their lives," he says proudly about his team. 29-year-old Sengupta was born
and brought up in Delhi and did his masters in electrical engineering from
University of California, Irvine, besides an MBA from INSEAD, Singapore".
(Rustam Sengupta's contact details: Mobile: +91 9717 349 377 E-mail: / Website: Based
on a write up by Shri Prasanna D Zore in; September 16, 2010.


An asylum for leprosy patients in Machuvaadi, off Pudhukottai (Tamilnadu,
Bharat). It was the scene of something unique on September 6, 2010. Inmates
queued up and received clothes gifted to them by the kind-hearted members
of the Akhilandeswari Women's Association, Thiruvanaikka, near Tiruchy. A
little after the queue melted away, the volunteers saw an inmate,
accompanied by the asylum official, approaching them. The inmate handed
them a bunch of currency notes and informed them that it was found inside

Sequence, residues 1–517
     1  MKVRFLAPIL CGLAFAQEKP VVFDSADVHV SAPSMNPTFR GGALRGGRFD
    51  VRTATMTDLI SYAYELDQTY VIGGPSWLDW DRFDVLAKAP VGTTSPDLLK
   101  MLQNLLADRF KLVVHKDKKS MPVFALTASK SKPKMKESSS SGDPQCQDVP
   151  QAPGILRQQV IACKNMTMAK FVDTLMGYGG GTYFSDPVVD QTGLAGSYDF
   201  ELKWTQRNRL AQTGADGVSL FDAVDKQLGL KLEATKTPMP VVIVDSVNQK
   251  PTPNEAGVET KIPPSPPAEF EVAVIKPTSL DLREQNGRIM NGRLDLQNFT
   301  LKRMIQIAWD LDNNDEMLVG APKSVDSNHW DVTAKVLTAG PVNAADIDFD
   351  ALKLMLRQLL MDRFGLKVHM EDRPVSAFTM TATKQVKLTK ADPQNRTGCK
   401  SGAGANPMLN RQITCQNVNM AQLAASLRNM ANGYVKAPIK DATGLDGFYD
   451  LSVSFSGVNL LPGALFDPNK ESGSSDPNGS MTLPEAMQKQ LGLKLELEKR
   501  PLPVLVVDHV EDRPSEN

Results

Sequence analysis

the pocket of a pair of trousers that he had received just then. The
clothes were the ones that the volunteers collected from the 285 families
living in 25 blocks of the CKVI Flats in Thiruvanaikka. So, they took the
money – Rs 11,000 – back and displayed boards inviting the family that had
inadvertently kept the money in the clothing it had donated. Weeks rolled
by. None responded. Now, volunteers plan to add this amount to the Rs
16,000 that retired employees of Tiruchy BHEL annually offer as Deepavali
gift to two leprosy asylums – one in Machuvaadi and the other at
Panaiyerippattu, nearby. The role of a retired Tamil teacher couple of
Thiruvanaikka deserves special mention. The duo take the trouble of washing
the collected clothings; they mend them if need be and make them normally

As told to Team PANCHAAMRITAM by Shri A. Sridharan of Thiruvanaikka


Do you live in Bhopal or near-about? Is the gomata (cow) that you are
rearing is sick? Is she too old to yield milk for your family? Don't worry.
Take her to the Obayadullaganj goshala in the forest lands on the outskirts